There is also the split of the Basic Medical Sciences discipline into Basic Medical Sciences and Allied Health Science;

Also is the reduction of the General Studies course from 36 credit units to 12 credit units of 6 courses such as Communication in English; Nigerian People and Culture; Philosophy, Logic and Human Existence; Entrepreneurship and Innovation; Venture creation; and Peace and Conflict resolution.

Entrepreneurship has been repackaged with the introduction of programme-specific entrepreneurship;

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Education

UNN ASUU directs members to withhold results over unpaid salaries

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University of Nigeria, Nsukka

The Academic Staff Union of Universities (ASUU), University of Nigeria, Nsukka (UNN) chapter, has directed its members to withhold examination results of students in protest over eight months unpaid salaries by Federal Government.

The university lecturers’ union also directed its members to boycott, forthwith, departmental, faculty and Senate council meetings, aimed at approving results of students until the salary issue is addressed.

The lecturers had carried placards, and marched round the school premises to protest non-payment of their salaries. Some of the placards read: “We say no to intimidation by government,” “Kill education, kill the nation,” “No pay, no results,” “Lecturers are not casual workers,” among others.

Speaking to newsmen after their protest at the school premises, the chapter Chairman, Dr. Christian Opata, insisted that members are not happy with the half salary payment to them when the strike action was called off last month. He said: “We will continue to teach, but will not release results of exams or allow school Senate to seat and approve any result.

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“ASUU is saying no to government policy of ‘no work, no pay;’ but if government insists on the policy, ASUU will not handle any academic activity that falls within that eight months period.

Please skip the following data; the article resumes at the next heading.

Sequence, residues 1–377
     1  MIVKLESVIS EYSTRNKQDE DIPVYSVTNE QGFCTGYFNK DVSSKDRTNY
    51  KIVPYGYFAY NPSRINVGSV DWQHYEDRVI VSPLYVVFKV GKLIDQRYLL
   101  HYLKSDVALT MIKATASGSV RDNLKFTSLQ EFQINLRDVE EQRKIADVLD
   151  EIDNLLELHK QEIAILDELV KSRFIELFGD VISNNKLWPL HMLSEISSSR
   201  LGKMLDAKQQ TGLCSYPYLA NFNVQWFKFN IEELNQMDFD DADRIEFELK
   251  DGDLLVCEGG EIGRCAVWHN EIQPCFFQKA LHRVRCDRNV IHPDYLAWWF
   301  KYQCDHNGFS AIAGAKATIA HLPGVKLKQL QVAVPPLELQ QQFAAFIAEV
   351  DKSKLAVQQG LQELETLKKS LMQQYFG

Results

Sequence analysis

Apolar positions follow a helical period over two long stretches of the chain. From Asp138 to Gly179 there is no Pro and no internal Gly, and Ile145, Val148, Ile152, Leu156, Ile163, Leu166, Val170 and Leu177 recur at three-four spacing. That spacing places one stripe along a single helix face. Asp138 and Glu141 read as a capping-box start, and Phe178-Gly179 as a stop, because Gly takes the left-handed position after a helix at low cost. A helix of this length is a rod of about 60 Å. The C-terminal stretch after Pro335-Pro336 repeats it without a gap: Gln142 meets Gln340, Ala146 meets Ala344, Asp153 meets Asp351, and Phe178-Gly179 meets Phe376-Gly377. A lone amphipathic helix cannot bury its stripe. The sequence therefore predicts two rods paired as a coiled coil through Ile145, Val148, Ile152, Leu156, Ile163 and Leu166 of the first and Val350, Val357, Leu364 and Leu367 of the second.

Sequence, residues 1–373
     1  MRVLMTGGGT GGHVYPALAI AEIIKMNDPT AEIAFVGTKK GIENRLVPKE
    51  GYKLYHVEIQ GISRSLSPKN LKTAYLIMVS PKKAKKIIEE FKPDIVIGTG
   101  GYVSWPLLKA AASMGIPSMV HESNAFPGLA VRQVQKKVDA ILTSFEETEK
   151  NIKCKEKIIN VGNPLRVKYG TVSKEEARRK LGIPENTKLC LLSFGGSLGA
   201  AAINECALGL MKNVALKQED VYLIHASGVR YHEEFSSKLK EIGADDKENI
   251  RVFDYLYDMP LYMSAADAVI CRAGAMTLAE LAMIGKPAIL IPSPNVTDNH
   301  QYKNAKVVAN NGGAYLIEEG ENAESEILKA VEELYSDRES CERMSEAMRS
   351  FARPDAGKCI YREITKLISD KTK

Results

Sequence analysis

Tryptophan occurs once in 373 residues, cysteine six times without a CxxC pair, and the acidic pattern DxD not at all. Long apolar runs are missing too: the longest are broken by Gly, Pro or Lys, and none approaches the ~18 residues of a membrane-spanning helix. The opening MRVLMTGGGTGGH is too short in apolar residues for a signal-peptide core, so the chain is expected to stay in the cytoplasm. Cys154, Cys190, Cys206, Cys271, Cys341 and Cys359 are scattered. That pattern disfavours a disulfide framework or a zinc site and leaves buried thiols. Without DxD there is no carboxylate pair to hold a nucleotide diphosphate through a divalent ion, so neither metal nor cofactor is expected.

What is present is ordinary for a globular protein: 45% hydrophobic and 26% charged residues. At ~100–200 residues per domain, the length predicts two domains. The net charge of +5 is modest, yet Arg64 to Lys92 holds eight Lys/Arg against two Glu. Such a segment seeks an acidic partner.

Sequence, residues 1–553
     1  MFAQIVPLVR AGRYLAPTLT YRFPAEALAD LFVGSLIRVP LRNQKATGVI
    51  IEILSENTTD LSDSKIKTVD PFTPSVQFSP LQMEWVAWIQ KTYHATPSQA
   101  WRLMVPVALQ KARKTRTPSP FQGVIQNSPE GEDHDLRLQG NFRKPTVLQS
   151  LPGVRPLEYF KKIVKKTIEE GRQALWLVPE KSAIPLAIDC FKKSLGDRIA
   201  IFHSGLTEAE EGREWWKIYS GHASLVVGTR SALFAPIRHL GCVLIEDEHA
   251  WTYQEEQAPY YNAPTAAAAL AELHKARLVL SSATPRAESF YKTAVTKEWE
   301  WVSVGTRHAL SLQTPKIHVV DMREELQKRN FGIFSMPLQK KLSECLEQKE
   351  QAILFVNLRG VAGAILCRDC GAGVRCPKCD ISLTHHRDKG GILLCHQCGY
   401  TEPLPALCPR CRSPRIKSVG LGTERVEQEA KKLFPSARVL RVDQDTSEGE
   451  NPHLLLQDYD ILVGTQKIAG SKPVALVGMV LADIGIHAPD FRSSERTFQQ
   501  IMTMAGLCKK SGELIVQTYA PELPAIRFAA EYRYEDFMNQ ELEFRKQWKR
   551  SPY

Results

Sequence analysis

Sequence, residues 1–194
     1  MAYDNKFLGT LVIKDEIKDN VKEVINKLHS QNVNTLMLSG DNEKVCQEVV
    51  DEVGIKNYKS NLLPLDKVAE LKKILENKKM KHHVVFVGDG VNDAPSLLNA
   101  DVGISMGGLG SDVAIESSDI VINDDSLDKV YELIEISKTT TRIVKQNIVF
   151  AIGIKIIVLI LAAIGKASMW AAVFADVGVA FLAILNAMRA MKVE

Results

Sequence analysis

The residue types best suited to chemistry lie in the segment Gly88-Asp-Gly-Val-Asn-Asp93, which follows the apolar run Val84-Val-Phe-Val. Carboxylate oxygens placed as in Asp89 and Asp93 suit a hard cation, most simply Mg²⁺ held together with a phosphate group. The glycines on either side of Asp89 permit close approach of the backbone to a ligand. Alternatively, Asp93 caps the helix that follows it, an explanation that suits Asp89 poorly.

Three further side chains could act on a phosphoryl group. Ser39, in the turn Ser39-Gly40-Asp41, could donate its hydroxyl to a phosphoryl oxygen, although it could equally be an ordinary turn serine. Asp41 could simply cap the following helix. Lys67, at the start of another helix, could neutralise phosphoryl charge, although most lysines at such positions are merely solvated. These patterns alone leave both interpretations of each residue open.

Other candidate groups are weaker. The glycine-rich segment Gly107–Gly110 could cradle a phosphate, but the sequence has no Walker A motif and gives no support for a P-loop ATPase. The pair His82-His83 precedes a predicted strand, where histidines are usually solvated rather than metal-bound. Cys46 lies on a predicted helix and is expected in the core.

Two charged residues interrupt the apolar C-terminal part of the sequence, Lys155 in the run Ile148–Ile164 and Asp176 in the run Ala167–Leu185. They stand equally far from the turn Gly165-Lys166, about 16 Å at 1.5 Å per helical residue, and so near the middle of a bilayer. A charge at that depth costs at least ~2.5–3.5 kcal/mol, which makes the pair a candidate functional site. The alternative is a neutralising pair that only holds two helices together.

“ASUU wants government to honour its agreement with the union since 2009, and stop further attempt that will keep students away from school.”
Opata described, as unfortunate, the attempt by government to treat lecturers as labourers by using the so-called ‘pro-rata’ format to pay them their October salary.

“This is the first time in history of the country when university academic staff are paid as casual workers; an indication that the current administration has no regard for education,” he said.

He threatened that ASUU is determined to embark on what will be known in Nigeria’s history as “mother of all strikes” should government fail to do the needful.

“If government thinks that implementing its policy of ‘no work, no pay’ and withholding our salary will prevent us from embarking on strike again, then it is a big joke. If government fails to do the needful soon, ASUU will return to indefinite strike action in public universities,” he added.

Guardian

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Education

BREAKING: ASUU members receive full salary for November, arrears withheld

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Lecturers under the aegis of the Academic Staff Union of Universities have received full salaries for the month of November 2022.

A senior member of the union at the Bayero University Kano revealed this in a chat  with journalists in Abuja.

He said, “Some of our members have started receiving salaries and I can confirm to you that we received our full salaries for the month of November. However, the arrears are still withheld.”

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It was learnt that the eight-month arrears remained withheld by the Federal Government.

The FG had refused to pay the striking lecturers for the eight months which the union embarked on strike.

The lecturers in October 2022 received a half pay, according to the Minister of Labour and Employment, Chris Ngige.